Publishing is inherently a fiscally conservative, risk-averse field, but if traditional publishing wants to stay relevant, the industry needs to step up and find that growing segment of people who are going to keep it afloat. Tossing a token minority into the corporate mix as the representative for all things and leaving them to drown in a sea of whiteness is basically the current practice. Hiring more designers of color is a must, of course, but it will effect little change in visual representation if the institutions in which they are embedded do not change.
So what the fuck does all this have to do with designers? Everything! Engage with the organization that employs you. If we continue to be “just” designers, and take no responsibility for the way our industry operates, we can’t complain about the racism in publishing because we are part of the problem. Throwing up our hands and saying “it’s not in our power” is exactly how the system survives.
The burden is on us to own up to all our work and for how our departments are run. We need to have conversations with our editors when we think a cover is going into a bad place. Ask hard questions at meetings. Force a dialogue around racist design suggestions. Being greater advocates for the people we are trying to represent through design is how we lay the foundations for retaining and attracting people of color to the industry.
We can say it isn’t a design problem but design doesn’t exist in a vacuum. It is a human/systemic/corporate problem, and we are steeped in it. We are responsible for our designs, for doing the work to create smart representations, for being an active voices in our publishing houses instead of sitting back and attempting to absolve our complicity through inaction. I don’t have the perfect solution to the problem but talking about and owning our roles is at least a place to start.
¹ Or ‘reading experiences’ for you tech avants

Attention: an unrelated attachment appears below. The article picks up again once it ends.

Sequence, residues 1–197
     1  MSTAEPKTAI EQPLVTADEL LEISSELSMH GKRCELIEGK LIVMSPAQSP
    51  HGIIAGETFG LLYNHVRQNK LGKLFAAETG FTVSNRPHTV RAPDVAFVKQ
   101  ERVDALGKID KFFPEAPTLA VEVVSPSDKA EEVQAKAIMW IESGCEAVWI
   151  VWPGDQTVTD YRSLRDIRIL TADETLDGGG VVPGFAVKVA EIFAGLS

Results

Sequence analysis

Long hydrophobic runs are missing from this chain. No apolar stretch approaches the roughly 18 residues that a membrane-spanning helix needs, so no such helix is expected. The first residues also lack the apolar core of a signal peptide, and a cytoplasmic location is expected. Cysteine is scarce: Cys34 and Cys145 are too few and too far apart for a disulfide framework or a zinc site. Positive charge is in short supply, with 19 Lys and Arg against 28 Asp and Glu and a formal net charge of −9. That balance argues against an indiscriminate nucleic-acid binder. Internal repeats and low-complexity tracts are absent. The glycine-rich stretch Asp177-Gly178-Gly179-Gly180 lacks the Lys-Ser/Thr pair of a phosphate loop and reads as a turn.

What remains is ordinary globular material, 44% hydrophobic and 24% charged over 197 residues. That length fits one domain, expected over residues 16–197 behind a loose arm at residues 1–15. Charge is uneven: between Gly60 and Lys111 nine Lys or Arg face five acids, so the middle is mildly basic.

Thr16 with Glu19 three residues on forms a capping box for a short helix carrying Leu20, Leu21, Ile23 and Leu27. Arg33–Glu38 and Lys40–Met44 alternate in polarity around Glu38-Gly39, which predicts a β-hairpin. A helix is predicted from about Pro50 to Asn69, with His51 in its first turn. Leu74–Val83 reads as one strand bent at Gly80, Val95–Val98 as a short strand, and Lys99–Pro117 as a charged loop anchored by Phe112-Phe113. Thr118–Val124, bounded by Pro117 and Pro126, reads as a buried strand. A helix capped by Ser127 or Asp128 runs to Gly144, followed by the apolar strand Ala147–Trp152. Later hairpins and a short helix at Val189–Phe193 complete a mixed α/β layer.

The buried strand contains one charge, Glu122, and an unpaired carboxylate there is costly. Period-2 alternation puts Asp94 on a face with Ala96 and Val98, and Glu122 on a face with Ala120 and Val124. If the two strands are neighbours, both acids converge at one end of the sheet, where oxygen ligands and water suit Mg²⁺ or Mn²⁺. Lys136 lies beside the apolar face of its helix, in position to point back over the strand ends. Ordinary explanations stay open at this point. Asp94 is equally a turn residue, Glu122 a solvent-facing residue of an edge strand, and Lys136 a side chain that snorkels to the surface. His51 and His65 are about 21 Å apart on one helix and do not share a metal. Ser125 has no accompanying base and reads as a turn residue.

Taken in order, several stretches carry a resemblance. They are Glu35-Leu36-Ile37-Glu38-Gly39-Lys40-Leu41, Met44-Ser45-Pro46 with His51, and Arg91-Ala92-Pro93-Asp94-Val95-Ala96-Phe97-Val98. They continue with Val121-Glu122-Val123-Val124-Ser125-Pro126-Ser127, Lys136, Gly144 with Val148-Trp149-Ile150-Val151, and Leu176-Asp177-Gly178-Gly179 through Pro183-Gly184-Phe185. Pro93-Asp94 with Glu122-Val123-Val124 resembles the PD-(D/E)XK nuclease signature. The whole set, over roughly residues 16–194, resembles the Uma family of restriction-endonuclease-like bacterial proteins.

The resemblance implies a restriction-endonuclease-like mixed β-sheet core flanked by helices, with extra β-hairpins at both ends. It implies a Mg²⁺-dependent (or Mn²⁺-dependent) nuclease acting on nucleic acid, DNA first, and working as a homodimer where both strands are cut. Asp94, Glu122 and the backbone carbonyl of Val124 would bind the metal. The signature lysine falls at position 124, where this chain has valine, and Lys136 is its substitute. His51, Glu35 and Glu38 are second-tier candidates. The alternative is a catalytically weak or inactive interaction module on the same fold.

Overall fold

² Depending on U.S. relations with the monolithic Asian stand-in, China. Asian Americans currently seem in denial on our revoked status, I think. Or we into it? I don’t know. The trade war isn’t going to help…watch your heads, friends. Vincent Chin. Never forget.
³ Ironically, this debate never arises around representing white voices. What does it say when we are so fucking good at representing the oppressor and not ourselves? “It’s like, how does racism define your work? Being told to see things a certain way for decades, you realize, ‘Oh my god! They brainwashed me!’” Sandra Oh, recounting her being offered the titular role in Killing Eve http://www.vulture.com/2018/08/sandra-oh-on-killing-eve-and-her-emmy-nomination.html
⁴ We totally do say. https://archive.nytimes.com/www.nytimes.com/interactive/2011/05/15/books/review/15covers-gallery.html
⁶ And by country we mean a selection of rich white men.
⁷ Filing taxes jointly, child tax credits (Totally not welfare when white people do it.)
⁸ The irony.
⁹ For white people. Read The Color of Law. Rothstein, Richard. The Color of Law: a Forgotten History of How Our Government Segregated America. Liveright Publishing Corporation, a Division of W. W. Norton & Company, 2018.